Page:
Does Bronchoscopic Evaluation of Inhalation Injury Severity Predict Outcome?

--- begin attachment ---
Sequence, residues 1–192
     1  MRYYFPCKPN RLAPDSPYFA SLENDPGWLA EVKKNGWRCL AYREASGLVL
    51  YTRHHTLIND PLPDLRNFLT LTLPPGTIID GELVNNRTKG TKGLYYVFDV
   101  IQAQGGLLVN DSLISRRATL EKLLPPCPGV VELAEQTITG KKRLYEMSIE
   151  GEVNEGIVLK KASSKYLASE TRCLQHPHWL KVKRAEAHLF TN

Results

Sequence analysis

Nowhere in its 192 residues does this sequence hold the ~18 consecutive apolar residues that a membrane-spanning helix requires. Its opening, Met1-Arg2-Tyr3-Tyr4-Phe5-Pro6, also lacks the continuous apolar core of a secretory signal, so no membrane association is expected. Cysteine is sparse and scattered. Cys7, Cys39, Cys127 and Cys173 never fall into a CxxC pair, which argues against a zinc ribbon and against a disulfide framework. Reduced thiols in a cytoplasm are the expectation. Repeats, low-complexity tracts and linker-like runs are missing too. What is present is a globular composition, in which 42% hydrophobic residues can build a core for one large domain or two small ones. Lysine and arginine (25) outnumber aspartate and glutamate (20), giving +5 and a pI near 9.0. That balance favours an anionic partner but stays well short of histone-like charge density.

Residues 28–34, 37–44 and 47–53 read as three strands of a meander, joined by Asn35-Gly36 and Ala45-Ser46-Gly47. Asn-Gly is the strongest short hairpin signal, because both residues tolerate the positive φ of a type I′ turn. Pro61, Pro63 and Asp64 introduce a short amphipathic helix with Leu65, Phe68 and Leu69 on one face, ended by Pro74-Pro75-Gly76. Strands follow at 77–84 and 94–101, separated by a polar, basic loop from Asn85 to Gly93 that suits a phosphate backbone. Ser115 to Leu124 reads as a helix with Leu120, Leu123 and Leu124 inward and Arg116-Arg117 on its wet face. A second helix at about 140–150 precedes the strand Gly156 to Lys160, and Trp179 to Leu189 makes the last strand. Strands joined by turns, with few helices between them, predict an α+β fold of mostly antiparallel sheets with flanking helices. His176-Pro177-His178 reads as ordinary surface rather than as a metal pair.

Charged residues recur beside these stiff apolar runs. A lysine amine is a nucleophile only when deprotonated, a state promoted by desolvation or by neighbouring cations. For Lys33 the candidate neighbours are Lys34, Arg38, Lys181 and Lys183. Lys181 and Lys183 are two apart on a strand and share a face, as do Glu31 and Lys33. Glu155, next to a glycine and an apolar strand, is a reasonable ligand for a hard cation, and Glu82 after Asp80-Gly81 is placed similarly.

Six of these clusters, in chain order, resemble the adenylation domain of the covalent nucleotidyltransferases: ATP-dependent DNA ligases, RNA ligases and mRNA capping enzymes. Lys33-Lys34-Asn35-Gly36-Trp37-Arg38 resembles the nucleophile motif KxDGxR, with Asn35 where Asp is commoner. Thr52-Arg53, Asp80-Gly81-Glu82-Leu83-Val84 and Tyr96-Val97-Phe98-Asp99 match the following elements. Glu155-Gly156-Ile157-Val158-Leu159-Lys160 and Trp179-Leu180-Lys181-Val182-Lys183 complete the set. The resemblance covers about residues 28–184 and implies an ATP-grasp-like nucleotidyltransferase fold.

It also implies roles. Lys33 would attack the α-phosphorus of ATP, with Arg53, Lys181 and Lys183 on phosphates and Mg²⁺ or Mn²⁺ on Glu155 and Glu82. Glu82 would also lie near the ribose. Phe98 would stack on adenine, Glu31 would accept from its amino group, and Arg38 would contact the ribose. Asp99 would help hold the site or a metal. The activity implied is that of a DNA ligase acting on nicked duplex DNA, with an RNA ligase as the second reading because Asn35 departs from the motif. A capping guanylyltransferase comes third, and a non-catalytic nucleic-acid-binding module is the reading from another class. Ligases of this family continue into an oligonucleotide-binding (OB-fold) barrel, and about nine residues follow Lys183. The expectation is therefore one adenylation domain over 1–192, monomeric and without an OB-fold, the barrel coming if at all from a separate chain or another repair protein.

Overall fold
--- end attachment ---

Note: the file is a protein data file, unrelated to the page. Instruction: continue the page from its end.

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Although fiber-optic bronchoscopy is essential in the diagnosis of smoke inhalation injury (INH), controversy still exists over whether or not the visualized severity of the mucosal injury predicts clinically meaningful outcomes. The purpose of this study was to assess whether the grade of mucosal INH severity was associated with various outcomes among adult burn patients. We conducted a retrospective review of all patients requiring greater than or equal to 48 hours of mechanical ventilation who were admitted between January 1, 2007 and June 1, 2014 to an adult regional American Burn Association-verified burn center. Bronchoscopy was performed on all subjects at burn center admission and grading of severity was documented using the grades 0 to 4 abbreviated injury score (AIS). Subjects with grade 1 or 2 injury formed the low-grade INH group, whereas those with grade 3 or 4 injury formed the high-grade INH group. Values are shown as the median (first to third quartiles). A P value less than .05 was considered significant. The study population consisted of 160 subjects (age, 48 [35-60] years; %TBSA burn, 28 [19-39.9]; % full thickness burn, 12.8 [0-30]; and 61% with INH). There were no significant differences in age, %TBSA burn, or % full thickness burn between subjects with different individual INH severity grades. Oxygenation on the day of injury worsened significantly as the severity of INH increased, but otherwise there were no significant differences in 24 and 48-hour fluid requirements, duration of ventilation, ventilator free days, incidence of acute respiratory distress syndrome, or mortality between subjects with different individual grades of INH severity. Subjects with high-grade INH showed statistically insignificant trends toward larger 48-hour fluid volumes (P = .07), poorer oxygenation over the first 3 post burn days (P = .055), longer duration of ventilation (P = .08), and fewer ventilator free days (P = .047) than low-grade INH. High-grade and low-grade INH subjects did not differ significantly in the incidence of acute respiratory distress syndrome or mortality. The individual grades of the 0 to 4 AIS INH severity grading scale were not particularly robust in the prediction of various outcomes among a population of adult burn patients. However, clinically relevant trends toward worsened oxygenation over postburn days 0 to 3, longer duration of mechanical ventilation, and reduced ventilator-free days in association with more severe INH were identified when subjects were broadly stratified into low-grade (grades 1and 2) INH and high-grade (grades 3 and 4) INH. This suggests that there may clinically meaningful differences between patients with less and more severe INH, and that further refinement of the grades 0 to 4 AIS INH severity should be subjected to additional investigation.
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